There are a lot of basic questions asked in the various driver development
forums that basically reduce to “how should I go about developing a driver?”.
Every so often, I’ll post a quick discussion of one of the tools I use every
day to do driver development. Try though they might, Microsoft doesn’t exactly
hammer you over the head with information like this – a lot of this know-how
really just comes from doing the job.
At the risk of starting too basic, when you sit down to build a driver, the
first tool will need is the Windows Driver Development Kit (DDK). The DDK has
changed a lot over the years, but the last couple of releases have finally
started to settle down from a consistency standpoint. The current released DDK
is the Windows Server 2003 DDK, which represents build 3790 of the OS. It also
includes full development environments for Windows XP and Windows 2000. The
DDK is (almost) free from Microsoft – go to WHDC for more information on how to
Installation of the DDK takes forever. I’ll never understand why these things
take sooooo long to uncompress and copy files, but perhaps I’m just a fundamentally
impatient person. Yep, that’s it. 🙂 At any rate, do yourself a favor and install
absolutely everything in the DDK. The whole mess – all of the build environments,
all of the tools, all of the samples, all of the docs. There are a couple of reasons
for this: first, you need to have the older build environments if you’re planning on
releaseing drivers for the older platforms. The “wnet” build environment isn’t always
backward-compatible with the “w2k” environment, so you need both. Unless, of course,
you are one of the lucky few that don’t have to support older OSes. I’m jealous.
The other reason is that the sample code is by far the best documentation in the whole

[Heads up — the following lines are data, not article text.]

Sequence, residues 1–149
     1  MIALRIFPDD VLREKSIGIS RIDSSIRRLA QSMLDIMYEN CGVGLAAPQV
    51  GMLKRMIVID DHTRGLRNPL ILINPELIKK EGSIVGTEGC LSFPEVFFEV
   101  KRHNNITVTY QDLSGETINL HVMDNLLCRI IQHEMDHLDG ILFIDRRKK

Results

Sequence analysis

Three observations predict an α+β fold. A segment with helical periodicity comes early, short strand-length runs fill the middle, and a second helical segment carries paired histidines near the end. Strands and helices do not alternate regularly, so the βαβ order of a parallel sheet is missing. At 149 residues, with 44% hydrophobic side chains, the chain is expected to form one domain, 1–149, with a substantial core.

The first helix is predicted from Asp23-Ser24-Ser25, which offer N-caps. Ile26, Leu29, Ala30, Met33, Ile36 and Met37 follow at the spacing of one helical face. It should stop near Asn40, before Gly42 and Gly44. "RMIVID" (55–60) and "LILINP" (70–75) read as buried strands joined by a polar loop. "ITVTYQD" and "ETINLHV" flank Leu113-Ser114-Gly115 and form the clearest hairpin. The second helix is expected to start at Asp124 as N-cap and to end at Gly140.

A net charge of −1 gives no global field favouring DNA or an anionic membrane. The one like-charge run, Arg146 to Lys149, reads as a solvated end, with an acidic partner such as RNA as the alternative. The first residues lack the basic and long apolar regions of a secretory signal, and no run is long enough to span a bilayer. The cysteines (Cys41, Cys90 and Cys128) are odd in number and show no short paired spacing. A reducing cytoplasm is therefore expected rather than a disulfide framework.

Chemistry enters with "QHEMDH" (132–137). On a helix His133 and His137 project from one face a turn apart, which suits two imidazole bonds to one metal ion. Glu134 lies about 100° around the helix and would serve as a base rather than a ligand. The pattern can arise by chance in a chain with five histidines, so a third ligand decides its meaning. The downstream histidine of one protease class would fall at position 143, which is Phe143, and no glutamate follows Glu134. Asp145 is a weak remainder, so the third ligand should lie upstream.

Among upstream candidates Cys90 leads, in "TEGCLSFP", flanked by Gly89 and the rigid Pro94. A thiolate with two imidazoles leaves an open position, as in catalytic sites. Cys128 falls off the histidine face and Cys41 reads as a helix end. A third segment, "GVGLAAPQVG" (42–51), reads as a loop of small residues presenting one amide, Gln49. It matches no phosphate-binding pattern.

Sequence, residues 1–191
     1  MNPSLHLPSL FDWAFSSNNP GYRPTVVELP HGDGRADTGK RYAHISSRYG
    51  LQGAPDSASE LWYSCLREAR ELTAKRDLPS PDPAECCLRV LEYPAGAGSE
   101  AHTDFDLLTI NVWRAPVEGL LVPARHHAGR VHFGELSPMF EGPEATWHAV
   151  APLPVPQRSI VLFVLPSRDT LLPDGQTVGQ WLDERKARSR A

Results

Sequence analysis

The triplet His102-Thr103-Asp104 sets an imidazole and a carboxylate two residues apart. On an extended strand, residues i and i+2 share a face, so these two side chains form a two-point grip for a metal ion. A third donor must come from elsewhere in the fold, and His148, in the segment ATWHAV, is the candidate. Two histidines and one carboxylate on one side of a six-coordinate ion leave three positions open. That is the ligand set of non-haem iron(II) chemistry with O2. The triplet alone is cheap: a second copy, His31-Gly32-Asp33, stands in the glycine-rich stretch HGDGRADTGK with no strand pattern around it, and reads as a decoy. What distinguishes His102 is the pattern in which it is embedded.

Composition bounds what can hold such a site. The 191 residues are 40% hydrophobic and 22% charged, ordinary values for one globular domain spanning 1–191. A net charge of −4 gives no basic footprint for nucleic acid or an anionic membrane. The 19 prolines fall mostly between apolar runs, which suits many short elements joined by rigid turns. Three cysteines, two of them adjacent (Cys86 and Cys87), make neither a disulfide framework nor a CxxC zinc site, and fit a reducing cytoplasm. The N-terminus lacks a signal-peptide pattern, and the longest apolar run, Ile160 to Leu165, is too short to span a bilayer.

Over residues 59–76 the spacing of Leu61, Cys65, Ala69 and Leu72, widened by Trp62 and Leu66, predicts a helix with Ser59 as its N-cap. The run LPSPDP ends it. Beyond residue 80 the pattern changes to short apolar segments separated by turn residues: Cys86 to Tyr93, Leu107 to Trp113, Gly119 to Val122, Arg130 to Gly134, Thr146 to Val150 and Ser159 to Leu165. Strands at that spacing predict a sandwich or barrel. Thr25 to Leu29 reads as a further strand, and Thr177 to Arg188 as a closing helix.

kit. You might find yourself wondering about the semantics of a particular API in a
particular situation, and it really helps to be able to grep through all of the samples for
usage examples. I recently was in a situation where I needed to get a file handle back
from a file object, so I looked at all of the samples I could find for examples of
ObOpenObjectByPointer(). There were *none* in any of the files, prompting me to
redesign the driver to not need that API. I’m better off now, in that the overall architecture
wound up being much cleaner.
The DDK includes the latest authoritative documentation from Microsoft on how
to build drivers. It includes both “design guides” and reference material.
The design guides tend to read like technical documentation, so I’d still
recommend one of a few third-party driver development books. The reference
sections provide lots of detail about every public function provided for use by
driver writers. Most of this documentation (all?) is also available online at
OSR’s website www.osronline.com, which
also has tons of other resources for driver writers. For those who didn’t
know, OSR is the company that hosts the NTDEV and NTFSD mailing lists.
Wherever you get it from, I’d recommend becoming very familiar with the DDK
Also included with the DDK is an entire build environment. All of the headers,
libraries, compiler tools, and support infrastructure needed to build your
driver are included. In particular, you don’t need visual studio to compile
your drivers. In fact, using visual studio directly is not supported by
Microsoft for driver development. Mark Roddy (www.hollistech.com) has a script called
DDKBUILD that can be used to integrate the DDK with Visual Studio, but unless
you’re really glued to its editor (and believe me, there are better ones), there’s really no reason to use it.
Finally, don’t miss the array of testing and troubleshooting tools present in
the DDK. There are so many of them, and some of them are so important to doing
the job correctly, that I’ll post specifically about them another time.